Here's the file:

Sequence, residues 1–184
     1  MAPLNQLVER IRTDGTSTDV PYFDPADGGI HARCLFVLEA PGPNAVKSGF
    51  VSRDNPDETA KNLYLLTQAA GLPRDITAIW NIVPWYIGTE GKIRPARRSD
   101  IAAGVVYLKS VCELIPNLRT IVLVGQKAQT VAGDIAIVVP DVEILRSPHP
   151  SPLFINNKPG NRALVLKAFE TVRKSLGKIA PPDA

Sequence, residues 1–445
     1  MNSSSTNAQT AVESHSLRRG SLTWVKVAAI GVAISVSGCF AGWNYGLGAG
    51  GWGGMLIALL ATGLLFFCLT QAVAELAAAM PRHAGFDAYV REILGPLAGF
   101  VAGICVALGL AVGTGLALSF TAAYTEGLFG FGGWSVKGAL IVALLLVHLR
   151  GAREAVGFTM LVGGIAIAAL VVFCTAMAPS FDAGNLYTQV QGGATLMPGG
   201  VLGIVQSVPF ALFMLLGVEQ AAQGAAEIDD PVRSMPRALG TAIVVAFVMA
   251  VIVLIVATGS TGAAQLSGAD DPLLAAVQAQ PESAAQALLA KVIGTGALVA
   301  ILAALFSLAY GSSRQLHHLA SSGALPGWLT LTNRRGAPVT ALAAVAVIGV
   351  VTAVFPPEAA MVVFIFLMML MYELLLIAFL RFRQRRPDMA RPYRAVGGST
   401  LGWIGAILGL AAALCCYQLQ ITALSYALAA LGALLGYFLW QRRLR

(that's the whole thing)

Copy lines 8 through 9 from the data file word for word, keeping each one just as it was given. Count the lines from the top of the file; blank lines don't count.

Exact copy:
    51  GWGGMLIALL ATGLLFFCLT QAVAELAAAM PRHAGFDAYV REILGPLAGF
   101  VAGICVALGL AVGTGLALSF TAAYTEGLFG FGGWSVKGAL IVALLLVHLR